Donald Trump celebrated Easter by taking to Twitter and ranting about immigration saying “Border Patrol Agents are not allowed to properly do their job at the Border because of ridiculous liberal (Democrat) laws like Catch & Release. Getting more dangerous. “Caravans” coming. Republicans must go to Nuclear Option to pass tough laws NOW. NO MORE DACA DEAL!”
Did you catch that last part – “NO MORE DACA DEAL!”
Just last week Trump was telling Dreamers it was the Democrats who weren’t trying to solve the DACA issue. Now he’s saying, “NO MORE DACA DEAL!”
He also berated Mexico for “doing very little, at stopping folks at the border.
Interestingly, Trump doesn’t seem to understand exactly what DACA is.
He added that “These big flows of people are all trying to take advantage of DACA. They want in on the act!”
The DACA program (Deferred Action for Childhood Arrivals) is only for recipients who have entered the United States before their 16th birthday and prior to June 2007.
There’s no getting “in on the act.” Either you were in the U.S. before 2007 or you’re not eligible.
During a meeting on the MS-13 gang, Donald Trump announced he supports a government shutdown if Democrats won’t agree to tighten immigration laws:
“If we don’t change it, let’s have a shutdown. We’ll do a shutdown and it’s worth it for our country. I’d love to see a shutdown if we don’t get this stuff taken care of.”
Trump’s comments came at 2:33pm today.
At 3:50pm, White House press secretary Sarah Huckbee Sanders walked that back telling the press, “We are not advocating for a shutdown.”
You could get whiplash following the story of whether or not Donald Trump has agreed to work with Democrats in Congress on solving the issue of DACA.
Last night Senate Minority Leader Chuck Schumer and House Minority Leader Nancy Pelosi announced, after a dinner meeting at the White House, that Trump had agreed to support legislation that would allow undocumented immigrants brought to the U.S. as children to remain in the states.
Then, Trump tweeted there was no deal.
Now, he says there is.
From the New York Times:
President Trump confirmed on Thursday morning that he supports legislation that would protect young undocumented immigrants from deportation and would deliver a “massive” increase in border security — but not with a wall on the southern border.
Mr. Trump’s comments, both in Washington and in Florida, affirmed the broad parameters of an agreement that Democratic leaders unilaterally announced Wednesday night after dinner with the president at the White House.
In remarks to reporters as he left the White House on Thursday, Mr. Trump said, “We’re working on a plan for DACA,” referring to protections for immigrants who are part of the Deferred Action for Childhood Arrivals program. He confirmed, “the wall will come later.”
Mr. Trump’s comments seemed to contradict his own Twitter posts early Thursday morning when he said, “no deal was made last night on DACA.” But they were very much in line with Democratic leaders’ statements. Representative Nancy Pelosi of California, the House Democratic leader, also stopped short of calling their agreement a “deal” on Thursday.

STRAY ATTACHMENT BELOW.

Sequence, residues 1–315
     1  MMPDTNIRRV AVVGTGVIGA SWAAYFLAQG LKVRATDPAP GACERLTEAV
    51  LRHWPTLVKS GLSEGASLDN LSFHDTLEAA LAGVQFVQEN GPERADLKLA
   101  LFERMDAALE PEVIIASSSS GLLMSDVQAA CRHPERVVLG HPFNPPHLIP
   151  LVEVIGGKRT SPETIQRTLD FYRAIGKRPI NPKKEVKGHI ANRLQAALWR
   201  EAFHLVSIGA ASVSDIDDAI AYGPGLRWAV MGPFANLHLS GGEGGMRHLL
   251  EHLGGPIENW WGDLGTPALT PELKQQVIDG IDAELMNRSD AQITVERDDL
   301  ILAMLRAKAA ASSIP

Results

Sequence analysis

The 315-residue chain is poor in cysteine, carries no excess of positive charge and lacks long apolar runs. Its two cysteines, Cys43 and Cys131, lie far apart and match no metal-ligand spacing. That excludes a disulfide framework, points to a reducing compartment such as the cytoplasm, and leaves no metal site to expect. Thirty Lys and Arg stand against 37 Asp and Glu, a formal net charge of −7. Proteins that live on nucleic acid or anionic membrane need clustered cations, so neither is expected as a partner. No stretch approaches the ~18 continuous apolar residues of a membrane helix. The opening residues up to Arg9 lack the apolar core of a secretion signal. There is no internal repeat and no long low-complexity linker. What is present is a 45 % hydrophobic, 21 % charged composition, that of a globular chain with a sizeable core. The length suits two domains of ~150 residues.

But she told reporters, “We agreed to a plan to protect our nation’s Dreamers from deportation,” adding that there would be a “border security measure that does not include a wall” included in immigration legislation.
Anti-immigration Republicans like Rep. Steve King are furious over the developments:
After surprising many with his flirtation yesterday afternoon with possible legal status for undocumented immigrants, the idea was not included in President Trump’s address to a joint sessions of Congress.
Many are curious about what happened between Trump’s lunch with TV news anchors and the actual speech in the Capitol last night.
From the New York Times:
The session with the television anchors started out as a nod to tradition by a president who has broken so many. Like his predecessors on the day of a State of the Union address, Mr. Trump hosted the journalists for what was supposed to be an unrecorded lunch to give them a sense of what he would tell Congress. But the conversation took a surprising turn when some of the anchors asked about his efforts to deport many of the estimated 11 million immigrants in the country illegally. Without being prompted, Mr. Trump then raised the idea of legislation, noting that there had not been any comprehensive law passed by Congress on the subject since Ronald Reagan’s amnesty program in the 1980s.
He told the anchors it was time for a bill that would grant legal status to many of those in the country illegally as long as both sides compromised, similar to the legislation sought but never passed by George W. Bush and Barack Obama. Mr. Trump said he recognized that it would cause him political problems with his conservative base voters, according to people in the room, but added that he thought he could keep them happy since they had stuck with him throughout last year’s Republican primaries.
When Mr. Trump offered the idea, he let the word “compromise” hang in the air, gauging the reaction. He then turned to Hope Hicks, his director of strategic communications, and suggested that the thought could be added to his speech.
As Mr. Trump’s words settled over the State Dining Room, the president’s aides glanced at one another. They moved quickly to alert Mr. Bannon and Mr. Miller, two of the main keepers of Mr. Trump’s address before Congress.
And there, we find the answer: Bannon and Miller were not about to allow their protege some kind of political compromise. “Compromise” has yet to be added to this administration’s vocabulary.
Most political experts, when they heard of the idea being floated, did not buy into such prospects.
And now you know why.